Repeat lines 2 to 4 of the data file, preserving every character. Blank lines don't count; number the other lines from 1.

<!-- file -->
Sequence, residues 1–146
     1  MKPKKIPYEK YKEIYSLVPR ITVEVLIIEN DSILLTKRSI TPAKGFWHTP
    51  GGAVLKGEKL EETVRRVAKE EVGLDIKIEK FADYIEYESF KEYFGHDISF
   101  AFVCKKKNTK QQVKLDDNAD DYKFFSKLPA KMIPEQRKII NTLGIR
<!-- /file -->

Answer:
     1  MKPKKIPYEK YKEIYSLVPR ITVEVLIIEN DSILLTKRSI TPAKGFWHTP
    51  GGAVLKGEKL EETVRRVAKE EVGLDIKIEK FADYIEYESF KEYFGHDISF
   101  AFVCKKKNTK QQVKLDDNAD DYKFFSKLPA KMIPEQRKII NTLGIR